Axelrod was referring to GOP strategist Karl Rove’s group American Crossroads and the billionaire Koch brothers, Charles and David, who have bankrolled several conservative political action committees. Both are expected to play a large role in attacking Obama and other Democratic candidates this year.
On a conference call with reporters during which the campaign detailed a $25 million positive ad buy in swing states during the next month, Axelrod said Romney can’t sell his policy prescriptions, which the strategist ripped as backward-looking and as a doubling down on tax cuts for the wealthy.
“He’s basically reduced to running a negative campaign, just as he was in the primaries,” Axelrod said. “We have a different approach.”
May 5, 2012
President Barack Obama today cast himself once again as the candidate of hope and change as he kicked off his re-election campaign by trying to recapture the magic of his run four years ago.
“You tell them, it’s still about hope. It’s still about change. …We can make a difference in the life of this country,” Obama exclaimed toward the end of an impassioned, 40-minute speech in Columbus, Ohio. Full story
May 2, 2012
The winner of the South Carolina Republican presidential primary has gone on to win his party’s nomination in every election since 1980 — until now.
Just less than a year after entering the race, former Speaker Newt Gingrich (Ga.) ended his presidential campaign today, a week after former Massachusetts Gov. Mitt Romney claimed the mantle of the GOP’s presumptive nominee. Full story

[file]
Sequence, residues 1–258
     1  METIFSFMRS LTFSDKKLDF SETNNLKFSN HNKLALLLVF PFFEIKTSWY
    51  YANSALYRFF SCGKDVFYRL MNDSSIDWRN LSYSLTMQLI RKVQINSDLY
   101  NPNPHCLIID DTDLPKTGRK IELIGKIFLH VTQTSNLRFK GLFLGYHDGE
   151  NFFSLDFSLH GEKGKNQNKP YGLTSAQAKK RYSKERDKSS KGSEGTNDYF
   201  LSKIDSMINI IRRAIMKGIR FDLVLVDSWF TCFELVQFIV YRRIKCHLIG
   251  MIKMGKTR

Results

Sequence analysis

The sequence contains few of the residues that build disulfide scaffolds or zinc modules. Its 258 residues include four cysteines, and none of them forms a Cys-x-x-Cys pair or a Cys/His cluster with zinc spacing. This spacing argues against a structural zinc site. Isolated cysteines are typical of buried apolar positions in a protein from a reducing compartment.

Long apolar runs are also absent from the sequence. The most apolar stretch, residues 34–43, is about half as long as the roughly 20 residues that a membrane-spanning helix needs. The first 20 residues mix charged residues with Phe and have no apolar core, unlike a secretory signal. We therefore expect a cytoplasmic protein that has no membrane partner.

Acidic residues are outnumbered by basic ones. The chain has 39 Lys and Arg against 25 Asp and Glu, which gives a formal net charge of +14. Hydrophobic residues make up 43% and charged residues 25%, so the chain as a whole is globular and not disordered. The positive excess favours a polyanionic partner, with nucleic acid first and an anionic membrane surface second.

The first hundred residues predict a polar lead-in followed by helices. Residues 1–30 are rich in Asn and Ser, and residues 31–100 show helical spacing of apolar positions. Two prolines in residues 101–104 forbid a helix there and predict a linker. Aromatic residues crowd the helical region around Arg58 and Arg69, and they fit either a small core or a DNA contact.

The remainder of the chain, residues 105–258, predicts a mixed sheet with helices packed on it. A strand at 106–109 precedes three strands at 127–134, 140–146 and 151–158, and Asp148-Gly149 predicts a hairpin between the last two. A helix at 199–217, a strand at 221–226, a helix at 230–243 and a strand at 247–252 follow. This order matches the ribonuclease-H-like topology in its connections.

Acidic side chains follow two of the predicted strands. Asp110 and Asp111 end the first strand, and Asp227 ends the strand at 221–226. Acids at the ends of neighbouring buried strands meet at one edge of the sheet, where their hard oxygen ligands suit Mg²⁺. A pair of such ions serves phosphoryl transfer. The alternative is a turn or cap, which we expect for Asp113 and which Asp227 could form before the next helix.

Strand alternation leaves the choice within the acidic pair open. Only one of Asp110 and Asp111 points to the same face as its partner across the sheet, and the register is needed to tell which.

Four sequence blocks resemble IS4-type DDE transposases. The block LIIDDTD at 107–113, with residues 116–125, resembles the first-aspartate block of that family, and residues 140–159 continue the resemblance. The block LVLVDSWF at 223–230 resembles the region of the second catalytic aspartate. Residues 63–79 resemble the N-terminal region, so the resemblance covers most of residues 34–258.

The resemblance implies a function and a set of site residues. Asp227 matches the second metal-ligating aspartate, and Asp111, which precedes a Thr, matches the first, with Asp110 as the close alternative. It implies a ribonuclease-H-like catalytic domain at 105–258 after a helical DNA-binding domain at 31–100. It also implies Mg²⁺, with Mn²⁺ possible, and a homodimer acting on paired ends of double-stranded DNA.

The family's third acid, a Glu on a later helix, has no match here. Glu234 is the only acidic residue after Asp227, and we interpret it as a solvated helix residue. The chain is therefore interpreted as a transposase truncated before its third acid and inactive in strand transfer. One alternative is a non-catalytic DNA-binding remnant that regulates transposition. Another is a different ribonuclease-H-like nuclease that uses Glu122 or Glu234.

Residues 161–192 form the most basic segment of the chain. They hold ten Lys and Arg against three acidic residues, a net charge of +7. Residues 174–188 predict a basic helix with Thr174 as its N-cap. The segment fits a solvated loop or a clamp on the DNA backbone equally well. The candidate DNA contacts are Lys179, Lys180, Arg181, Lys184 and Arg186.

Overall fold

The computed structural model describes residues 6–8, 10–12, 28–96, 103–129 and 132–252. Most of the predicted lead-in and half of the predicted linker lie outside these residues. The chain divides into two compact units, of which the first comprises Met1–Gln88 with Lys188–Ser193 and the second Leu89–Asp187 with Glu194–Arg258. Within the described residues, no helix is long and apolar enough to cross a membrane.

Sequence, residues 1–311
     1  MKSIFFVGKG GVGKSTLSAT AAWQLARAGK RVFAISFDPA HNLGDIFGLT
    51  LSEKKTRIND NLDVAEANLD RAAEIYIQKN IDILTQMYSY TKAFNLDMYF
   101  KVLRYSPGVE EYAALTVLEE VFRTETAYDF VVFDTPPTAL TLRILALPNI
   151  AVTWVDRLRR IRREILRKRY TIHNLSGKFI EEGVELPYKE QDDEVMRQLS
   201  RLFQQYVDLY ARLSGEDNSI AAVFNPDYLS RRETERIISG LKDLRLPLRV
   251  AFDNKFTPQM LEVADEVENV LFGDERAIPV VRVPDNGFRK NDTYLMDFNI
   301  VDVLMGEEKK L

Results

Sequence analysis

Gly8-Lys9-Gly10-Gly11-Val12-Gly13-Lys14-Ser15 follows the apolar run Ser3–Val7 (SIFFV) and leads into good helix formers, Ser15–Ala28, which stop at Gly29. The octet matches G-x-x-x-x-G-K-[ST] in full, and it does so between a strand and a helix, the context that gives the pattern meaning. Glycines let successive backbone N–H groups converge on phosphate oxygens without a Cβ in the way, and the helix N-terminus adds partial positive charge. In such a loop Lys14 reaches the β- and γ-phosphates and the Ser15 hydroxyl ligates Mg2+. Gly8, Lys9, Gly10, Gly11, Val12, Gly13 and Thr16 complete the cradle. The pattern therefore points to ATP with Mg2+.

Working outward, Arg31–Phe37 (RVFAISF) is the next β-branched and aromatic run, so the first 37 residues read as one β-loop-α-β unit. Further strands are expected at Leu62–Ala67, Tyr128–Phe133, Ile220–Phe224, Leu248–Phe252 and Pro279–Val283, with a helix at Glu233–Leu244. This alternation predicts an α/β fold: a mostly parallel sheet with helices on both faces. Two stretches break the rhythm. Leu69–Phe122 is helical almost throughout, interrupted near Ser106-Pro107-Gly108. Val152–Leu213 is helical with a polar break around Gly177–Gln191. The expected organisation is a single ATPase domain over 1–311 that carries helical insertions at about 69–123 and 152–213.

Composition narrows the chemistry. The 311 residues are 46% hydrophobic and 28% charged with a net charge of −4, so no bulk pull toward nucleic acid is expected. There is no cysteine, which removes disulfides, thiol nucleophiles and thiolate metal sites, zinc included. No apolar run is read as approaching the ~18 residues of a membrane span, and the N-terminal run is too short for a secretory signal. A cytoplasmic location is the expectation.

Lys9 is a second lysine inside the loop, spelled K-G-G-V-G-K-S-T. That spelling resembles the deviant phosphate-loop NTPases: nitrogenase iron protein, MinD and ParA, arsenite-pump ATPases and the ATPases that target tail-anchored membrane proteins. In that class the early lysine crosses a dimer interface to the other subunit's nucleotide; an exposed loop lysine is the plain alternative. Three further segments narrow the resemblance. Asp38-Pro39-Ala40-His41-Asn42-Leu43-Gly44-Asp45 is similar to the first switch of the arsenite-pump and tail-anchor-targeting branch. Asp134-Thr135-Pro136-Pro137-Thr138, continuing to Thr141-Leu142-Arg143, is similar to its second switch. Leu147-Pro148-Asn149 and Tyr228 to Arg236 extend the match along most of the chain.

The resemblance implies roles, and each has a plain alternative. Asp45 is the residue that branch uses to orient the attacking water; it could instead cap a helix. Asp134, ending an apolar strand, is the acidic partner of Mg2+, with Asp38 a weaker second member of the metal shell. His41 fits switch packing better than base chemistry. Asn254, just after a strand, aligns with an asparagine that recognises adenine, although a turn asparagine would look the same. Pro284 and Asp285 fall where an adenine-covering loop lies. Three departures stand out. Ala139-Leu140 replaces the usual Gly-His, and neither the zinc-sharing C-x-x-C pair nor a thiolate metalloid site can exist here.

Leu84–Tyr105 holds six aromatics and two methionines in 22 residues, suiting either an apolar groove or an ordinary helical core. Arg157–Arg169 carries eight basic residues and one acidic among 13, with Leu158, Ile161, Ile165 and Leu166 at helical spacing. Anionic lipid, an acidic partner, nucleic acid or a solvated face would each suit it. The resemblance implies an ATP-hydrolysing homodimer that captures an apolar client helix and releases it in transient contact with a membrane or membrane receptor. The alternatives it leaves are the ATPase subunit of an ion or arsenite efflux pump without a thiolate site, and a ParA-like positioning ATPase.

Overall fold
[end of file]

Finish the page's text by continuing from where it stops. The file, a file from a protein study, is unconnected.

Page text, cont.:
April 26, 2012
INDIANAPOLIS — Indiana Gov. Mitch Daniels (R) said no one should ever turn down an offer for the vice presidential nomination, which is why he hopes no one ever asks him to join the national ticket.
“The one thing I don’t think you should say is, if asked to serve the country, ‘No’. I don’t think anybody should say that,” Daniels said in a wide-ranging interview with Roll Call. “But other than that, [I] don’t want to, don’t intend to, hope not to, don’t expect to, and I think there are better choices.”
Days after Mitt Romney became the GOP’s presumptive nominee for president, several of the most-mentioned vice presidential contenders told media outlets that they’re not interested in the gig — statements widely interpreted by insiders as political deflection. Daniels came close to shutting the door himself last weekend, telling “Fox News Sunday” that, if asked to be Romney’s running mate, he’d urge the White House hopeful to reconsider.
But on Wednesday afternoon, during an interview with Roll Call in his expansive office at the state Capitol, Daniels explained his own ambitions in more detail.
April 25, 2012
Former Speaker Newt Gingrich (Ga.) is preparing to end his now-longshot bid for the presidency, according to multiple reports.
Senior campaign aides told Fox News that Gingrich will formally exit the race for the Republican nomination on Tuesday. Gingrich indicated he was on his way out while speaking with reporters in Cramerton, N.C., this morning, just hours after former Massachusetts Gov. Mitt Romney swept five primaries and was anointed the “presumptive nominee” by the Republican National Committee. Full story
April 24, 2012
Mitt Romney effectively accepted the Republican nomination for president this evening, as he cruised to victory in five primaries and padded his delegate lead over the two other GOP candidates left in the race.